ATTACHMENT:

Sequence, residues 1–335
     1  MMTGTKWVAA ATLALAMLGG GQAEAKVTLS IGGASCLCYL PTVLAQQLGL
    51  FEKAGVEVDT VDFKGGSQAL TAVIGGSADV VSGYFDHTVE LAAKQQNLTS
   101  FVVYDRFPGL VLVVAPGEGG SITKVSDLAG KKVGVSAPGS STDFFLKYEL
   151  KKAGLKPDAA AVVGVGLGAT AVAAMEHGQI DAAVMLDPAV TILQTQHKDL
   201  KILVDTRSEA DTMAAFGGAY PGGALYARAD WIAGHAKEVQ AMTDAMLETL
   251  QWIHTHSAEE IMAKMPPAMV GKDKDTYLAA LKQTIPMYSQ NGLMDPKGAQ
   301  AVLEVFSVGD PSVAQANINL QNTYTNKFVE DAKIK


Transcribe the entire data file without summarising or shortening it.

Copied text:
Sequence, residues 1–335
     1  MMTGTKWVAA ATLALAMLGG GQAEAKVTLS IGGASCLCYL PTVLAQQLGL
    51  FEKAGVEVDT VDFKGGSQAL TAVIGGSADV VSGYFDHTVE LAAKQQNLTS
   101  FVVYDRFPGL VLVVAPGEGG SITKVSDLAG KKVGVSAPGS STDFFLKYEL
   151  KKAGLKPDAA AVVGVGLGAT AVAAMEHGQI DAAVMLDPAV TILQTQHKDL
   201  KILVDTRSEA DTMAAFGGAY PGGALYARAD WIAGHAKEVQ AMTDAMLETL
   251  QWIHTHSAEE IMAKMPPAMV GKDKDTYLAA LKQTIPMYSQ NGLMDPKGAQ
   301  AVLEVFSVGD PSVAQANINL QNTYTNKFVE DAKIK